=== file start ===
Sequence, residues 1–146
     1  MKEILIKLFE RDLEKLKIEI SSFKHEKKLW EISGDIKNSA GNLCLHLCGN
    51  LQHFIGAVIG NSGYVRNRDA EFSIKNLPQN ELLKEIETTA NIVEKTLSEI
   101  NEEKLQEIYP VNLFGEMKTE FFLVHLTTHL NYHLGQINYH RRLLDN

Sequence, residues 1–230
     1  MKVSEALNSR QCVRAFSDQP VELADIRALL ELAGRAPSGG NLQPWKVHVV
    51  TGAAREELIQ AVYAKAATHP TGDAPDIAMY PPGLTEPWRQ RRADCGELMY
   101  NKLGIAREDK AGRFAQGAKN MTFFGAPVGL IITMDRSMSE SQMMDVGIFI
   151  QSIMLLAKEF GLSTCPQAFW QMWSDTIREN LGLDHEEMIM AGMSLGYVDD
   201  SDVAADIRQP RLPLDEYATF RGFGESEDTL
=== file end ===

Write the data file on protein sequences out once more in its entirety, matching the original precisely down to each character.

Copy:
Sequence, residues 1–146
     1  MKEILIKLFE RDLEKLKIEI SSFKHEKKLW EISGDIKNSA GNLCLHLCGN
    51  LQHFIGAVIG NSGYVRNRDA EFSIKNLPQN ELLKEIETTA NIVEKTLSEI
   101  NEEKLQEIYP VNLFGEMKTE FFLVHLTTHL NYHLGQINYH RRLLDN

Sequence, residues 1–230
     1  MKVSEALNSR QCVRAFSDQP VELADIRALL ELAGRAPSGG NLQPWKVHVV
    51  TGAAREELIQ AVYAKAATHP TGDAPDIAMY PPGLTEPWRQ RRADCGELMY
   101  NKLGIAREDK AGRFAQGAKN MTFFGAPVGL IITMDRSMSE SQMMDVGIFI
   151  QSIMLLAKEF GLSTCPQAFW QMWSDTIREN LGLDHEEMIM AGMSLGYVDD
   201  SDVAADIRQP RLPLDEYATF RGFGESEDTL